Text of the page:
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Sleeping With Yesterday (Episode 28)

Posted by on September 21, 2016.

Sleeping With Yesterday

Dayo lifts himself and looks to his left hand side. There is Malik, eyes open, staring determinedly into his own eyes; head open, allowing the free flow of blood that continues to gather around.

Dayo stares at Nnafuka as she asks, “Is he dead?”

Nnafuka’s hand is trembling. Her hands still hold the chair as if it is the sole pillar she has at the moment. Dayo struggles up as though he has just realized himself. He does not know when he beats his hands together in the fashion of one whose hands are sandy. He bends over Malik and touches his neck, feeling for a pulse. There is nothing. He shoots his eyes to Nnafuka, the two balls big from fright, bare as flesh.

He lifts Malik’s head and, somehow in the subsided bleeding, he sees himself staring at Malik’s skull. It is now that he says, without looking at Nnafuka, “He is dead.” And he stands.

“Oh my God!” Nnafuka gasps, dropping the chair, closing her mouth with both hands which are quivering like strings.

Dayo looks round the room now as if he just came into it. In every corner of the room is something that either belongs to him or Nnafuka or Malik. There is one pair of shoe. There is a bed sheet, the same that was used to cover the bed where Nnafuka lay. On the bed there is blood too.

The sight of blood on the bed reminds him of Oshogbo, his village. The same place where he grew up to learn slaughtering fowls and goats and sheep for deities such as the one which his mother and father believed served as their custodian.

At first, as a growing child, he had allowed this fear within him, this fear of blood, to be the leading factor in all he did. In the farm he took great care not to cut the earthworms with his hoe. In the house he could not get himself to hunt for the rats that abided in secret holes there. One day, in his father’s laundry shop, Iya had come in and had sighted a wall gecko at once. She commanded Dayo to bring the broom. When he brought it, “Kill that thing” was what Iya had said to him, pointing at the carefree lizard on the wall. Then she sat down, wrapped her hands in her laps and waited. Little Dayo stood there for eternity, his hands shaking, his eyes on the wall gecko until the lizard crawled back into the ceiling. Iya’s fear was confirmed that day that her son, her only child was slowly turning into a female. Then she decided within her to make him tough.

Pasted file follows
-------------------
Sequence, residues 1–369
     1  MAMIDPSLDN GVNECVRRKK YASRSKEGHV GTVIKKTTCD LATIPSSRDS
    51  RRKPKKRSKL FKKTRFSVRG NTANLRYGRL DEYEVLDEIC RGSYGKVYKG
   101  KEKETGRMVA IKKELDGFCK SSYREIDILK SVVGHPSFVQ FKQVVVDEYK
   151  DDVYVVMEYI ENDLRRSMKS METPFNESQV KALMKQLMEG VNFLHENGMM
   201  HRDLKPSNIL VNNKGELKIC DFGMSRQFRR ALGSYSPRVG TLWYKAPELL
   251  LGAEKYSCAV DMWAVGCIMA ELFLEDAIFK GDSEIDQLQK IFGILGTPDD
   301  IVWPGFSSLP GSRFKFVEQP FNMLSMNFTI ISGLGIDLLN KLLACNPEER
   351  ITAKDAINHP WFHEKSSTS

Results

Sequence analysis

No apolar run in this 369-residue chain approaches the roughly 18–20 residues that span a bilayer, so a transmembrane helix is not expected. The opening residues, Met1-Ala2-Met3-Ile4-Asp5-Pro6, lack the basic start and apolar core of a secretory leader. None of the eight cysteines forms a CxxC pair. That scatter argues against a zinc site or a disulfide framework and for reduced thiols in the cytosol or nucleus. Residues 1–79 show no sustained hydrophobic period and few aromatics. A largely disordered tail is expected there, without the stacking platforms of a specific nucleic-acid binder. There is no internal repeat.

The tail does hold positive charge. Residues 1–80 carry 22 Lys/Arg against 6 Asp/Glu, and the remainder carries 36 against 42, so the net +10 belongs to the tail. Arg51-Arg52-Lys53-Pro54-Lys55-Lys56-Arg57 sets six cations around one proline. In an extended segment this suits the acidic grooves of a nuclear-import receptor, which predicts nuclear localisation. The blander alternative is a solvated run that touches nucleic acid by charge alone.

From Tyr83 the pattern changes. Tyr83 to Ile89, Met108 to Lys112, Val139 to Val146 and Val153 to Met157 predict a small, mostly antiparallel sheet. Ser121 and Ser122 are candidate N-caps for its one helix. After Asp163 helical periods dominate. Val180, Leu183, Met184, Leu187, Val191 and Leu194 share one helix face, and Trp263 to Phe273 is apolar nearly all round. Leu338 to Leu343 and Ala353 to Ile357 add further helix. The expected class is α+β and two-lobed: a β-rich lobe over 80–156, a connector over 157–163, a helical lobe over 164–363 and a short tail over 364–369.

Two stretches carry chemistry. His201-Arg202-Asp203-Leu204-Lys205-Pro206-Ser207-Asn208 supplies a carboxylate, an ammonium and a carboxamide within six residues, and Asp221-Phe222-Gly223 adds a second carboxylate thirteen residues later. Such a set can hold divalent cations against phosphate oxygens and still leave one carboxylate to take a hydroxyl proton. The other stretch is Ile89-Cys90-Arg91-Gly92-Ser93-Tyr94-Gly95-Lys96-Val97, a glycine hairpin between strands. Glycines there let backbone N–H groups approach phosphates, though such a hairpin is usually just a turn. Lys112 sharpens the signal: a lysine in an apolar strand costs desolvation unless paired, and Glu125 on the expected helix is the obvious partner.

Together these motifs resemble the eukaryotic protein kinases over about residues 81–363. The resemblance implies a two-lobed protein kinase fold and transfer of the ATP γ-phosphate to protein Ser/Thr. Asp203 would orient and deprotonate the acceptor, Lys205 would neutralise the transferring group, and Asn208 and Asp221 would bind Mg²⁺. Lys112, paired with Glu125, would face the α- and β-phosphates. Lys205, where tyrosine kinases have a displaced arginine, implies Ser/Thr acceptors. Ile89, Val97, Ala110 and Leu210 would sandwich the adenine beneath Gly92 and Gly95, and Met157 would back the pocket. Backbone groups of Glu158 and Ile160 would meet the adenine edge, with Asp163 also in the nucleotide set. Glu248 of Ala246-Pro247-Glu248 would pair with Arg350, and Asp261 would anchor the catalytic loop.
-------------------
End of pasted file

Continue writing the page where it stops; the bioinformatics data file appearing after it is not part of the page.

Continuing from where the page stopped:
That was where Dayo’s familiarization with blood started. The first animal he had killed was a cock. It was Iya’s intention to have him kill that cock, not that there was any need for it, because when Little Dayo had began to shake – the knife in his hand, the cock tied up at his feet – his father had come out and told Iya to let his son be, that he would become a man in his time. But Iya had not listened. She coerced and beat Dayo until he bent down, held the cock’s neck and sliced its throat. Then he left the thing and ran away, calling his father – the half-dead cock flapping its wing around the house.

He came to bring himself to kill more including sheep and goats, but once he left Oshogbo his soft side returned like an old habit.

His soft side had been there until now, now that Malik’s blood stares at him in the face. He grabs Nnafuka’s hand and says to her, “Let us get out of here now.”

Nnafuka nods.

They march towards the door until something halts them. It is a knock on the door. Both of them freeze, facing the door, uncertain of the next line of action, waiting for whoever that is knocking to open the door and face them and to see the corpse in the room.

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One Response

  1. Interesting nxt pls

    by Fabulous on Sep 21, 2016 at 9:45 am

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